The policeman who arrested me explained that I was subject to a fine of five pounds.
Of course, I thought he was joking, and laughed pleasantly.
He didn't; and it was only my plea that I was a stranger within the gates that got me off with a warning.
I dipped into the waves and shivered.
The water at Manly is about the same temperature on Christmas Day as it is at Coney on the Fourth of July.
I wanted to try riding the waves on a surf-board, but it was forbidden- why I do not know, for but a little corner of Manly is used by the bathers, and ...

Page 469

... here are rollers everywhere in the bay- not long ones, it is true, but quite strong enough for a Hawiian to come in for thirty yards or more standing on the crest of a wave- and the white man has demonstrated at Waikiki that he can quickly learn to beat he Hawaiian at his own game of walking upon the waves.
Manly Beach is Known the world over; so are the rams sent forth broadcast of its shark festivals and record-breaking cross currents.
Give an American city of half-a-million population such a perfect beach, and either public or private enterprise would construct a shark-proof iron fence across the bay beyond the farthest rollers.
That this can be alone is demonstrated by the almost mile-long iron piers at Coney Island and at Atlantic City.
These have resisted the surf for a generation.
Were there danger of sharks at these resorts a few more cross-bars between the iron columns would form a network through which no shark could force its way, but which would not destroy the force of the surf.
A Hawaiian friend of mine was once arrested at Atlantic City for steering an ironing-board, upon which he stood erect, on the top of a billow, in and out among the pillars and girders of the iron pier. There was no more danger of his striking one of the bathers than there is that a body surfer at Manly will impale one of the peaceful surfers at that resort.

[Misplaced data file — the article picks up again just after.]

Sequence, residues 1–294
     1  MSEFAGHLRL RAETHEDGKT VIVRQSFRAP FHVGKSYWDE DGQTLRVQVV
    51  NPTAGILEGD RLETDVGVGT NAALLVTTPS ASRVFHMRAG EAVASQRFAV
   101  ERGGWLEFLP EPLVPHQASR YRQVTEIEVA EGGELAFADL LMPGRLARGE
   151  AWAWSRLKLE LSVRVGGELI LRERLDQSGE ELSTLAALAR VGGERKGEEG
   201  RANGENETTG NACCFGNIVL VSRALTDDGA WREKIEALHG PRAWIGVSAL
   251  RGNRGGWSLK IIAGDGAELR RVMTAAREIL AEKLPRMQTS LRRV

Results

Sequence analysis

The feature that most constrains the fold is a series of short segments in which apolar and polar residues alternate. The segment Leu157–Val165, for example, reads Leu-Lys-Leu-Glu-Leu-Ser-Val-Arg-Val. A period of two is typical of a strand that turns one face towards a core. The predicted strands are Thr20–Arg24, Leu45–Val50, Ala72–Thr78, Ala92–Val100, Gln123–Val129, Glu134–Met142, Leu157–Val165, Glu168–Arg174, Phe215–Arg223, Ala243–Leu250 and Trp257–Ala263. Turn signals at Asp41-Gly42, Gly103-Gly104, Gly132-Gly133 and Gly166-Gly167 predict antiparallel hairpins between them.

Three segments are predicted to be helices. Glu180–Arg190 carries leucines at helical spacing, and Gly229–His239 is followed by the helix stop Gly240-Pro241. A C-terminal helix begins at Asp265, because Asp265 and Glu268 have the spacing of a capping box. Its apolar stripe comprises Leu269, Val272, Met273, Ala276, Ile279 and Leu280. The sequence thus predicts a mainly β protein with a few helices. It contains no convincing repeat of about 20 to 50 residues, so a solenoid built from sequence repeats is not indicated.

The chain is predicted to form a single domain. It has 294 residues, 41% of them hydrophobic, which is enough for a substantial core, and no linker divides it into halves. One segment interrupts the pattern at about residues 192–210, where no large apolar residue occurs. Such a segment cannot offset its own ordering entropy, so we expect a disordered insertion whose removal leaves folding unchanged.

However, both in America and in Australia it seems that where you put a policeman you must expect him to be at least as great a nuisance as the imaginary ones he thinks he abates.

New Year's Day I spent at Coogee.
If I had experienced the frigidity of a New England Christmas at Manly, it was glorious Chicago summer at Coogee.
Never have I seen so many happy faces together outside of America.
It was America!
I have ...

Page 470

... seen women and children take their seaside holidays with doleful pleasure at Scarborough and at Margate, but everyone was happy at Coogee.
If there were any ordinances prohibiting men and women romping in their bathing-costumes upon the sands, they were happily violated a thousand times over.
Old folk became young again; the ocean a fountain of youth, into which everyone dipped.
What if .oddlers staggered about in Nature's garb?
They were happy and no one seemed shocked.
No signboards warned the masses that they were suspected of committing improprieties, therefore improprieties seemed not to enter the heads of the happy throngs.
As an American, how I envied Sydney her opportunities here!
For decades New York neglected Coney Island.
To-day she is paying millions for park privileges there that might have been hers, not so long ago, for the mere asking.
A million people go down to Coney Island every Saturday and Sunday during the summer months.
It is the one cool playground of the masses.
To-day the beach at Coney exists only where the city has laid out its park.
In Australia there seems to be a better way of doing things.
I began the New. Year by taking off my hat in admiration of the Australian way at Coogee.
A few hundred private bathing stalls, please, and this place would be perfection.

Page 466


Page 467

Ford, Alexander Hume: Australia Through American Eyes.
The Red Funnel
27 Rattay Street, Dunedin, New Zealand.
Volume VI, Number 5, June 1908
Pages 466 to 470.

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home catalogue history references appendix

Geoff Cater (2008) : Alexander Hume Ford : Beach Culture in Sydney, Australia, 1908.